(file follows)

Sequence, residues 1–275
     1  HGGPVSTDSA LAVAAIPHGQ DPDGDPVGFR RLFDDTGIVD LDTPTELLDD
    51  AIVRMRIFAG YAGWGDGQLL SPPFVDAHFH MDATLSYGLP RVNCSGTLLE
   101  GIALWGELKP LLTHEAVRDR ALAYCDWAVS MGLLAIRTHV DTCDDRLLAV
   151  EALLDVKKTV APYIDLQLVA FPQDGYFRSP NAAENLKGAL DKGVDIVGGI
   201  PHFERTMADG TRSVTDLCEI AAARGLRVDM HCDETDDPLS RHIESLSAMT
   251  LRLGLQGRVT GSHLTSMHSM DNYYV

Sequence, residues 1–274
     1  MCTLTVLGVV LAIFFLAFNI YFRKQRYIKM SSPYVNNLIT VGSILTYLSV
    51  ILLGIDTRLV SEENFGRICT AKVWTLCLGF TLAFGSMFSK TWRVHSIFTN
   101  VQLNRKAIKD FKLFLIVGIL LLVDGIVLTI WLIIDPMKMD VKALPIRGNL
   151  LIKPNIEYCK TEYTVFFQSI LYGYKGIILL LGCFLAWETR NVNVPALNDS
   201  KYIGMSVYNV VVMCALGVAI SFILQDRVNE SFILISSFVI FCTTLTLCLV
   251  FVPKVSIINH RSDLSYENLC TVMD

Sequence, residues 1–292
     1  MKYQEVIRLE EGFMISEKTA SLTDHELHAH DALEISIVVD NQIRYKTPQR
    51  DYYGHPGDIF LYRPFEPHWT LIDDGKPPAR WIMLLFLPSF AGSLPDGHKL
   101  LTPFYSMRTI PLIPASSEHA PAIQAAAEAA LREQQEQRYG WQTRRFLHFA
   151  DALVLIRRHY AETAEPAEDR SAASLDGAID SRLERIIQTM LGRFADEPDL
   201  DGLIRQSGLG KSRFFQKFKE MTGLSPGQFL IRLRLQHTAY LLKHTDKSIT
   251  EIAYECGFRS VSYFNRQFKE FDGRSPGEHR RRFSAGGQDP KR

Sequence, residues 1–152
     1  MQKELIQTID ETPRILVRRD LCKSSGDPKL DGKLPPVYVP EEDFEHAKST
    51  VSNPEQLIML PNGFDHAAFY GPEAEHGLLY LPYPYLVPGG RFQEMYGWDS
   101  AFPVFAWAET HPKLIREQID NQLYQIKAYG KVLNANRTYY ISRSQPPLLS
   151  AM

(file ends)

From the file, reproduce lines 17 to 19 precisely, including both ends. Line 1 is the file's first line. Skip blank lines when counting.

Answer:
    51  DYYGHPGDIF LYRPFEPHWT LIDDGKPPAR WIMLLFLPSF AGSLPDGHKL
   101  LTPFYSMRTI PLIPASSEHA PAIQAAAEAA LREQQEQRYG WQTRRFLHFA
   151  DALVLIRRHY AETAEPAEDR SAASLDGAID SRLERIIQTM LGRFADEPDL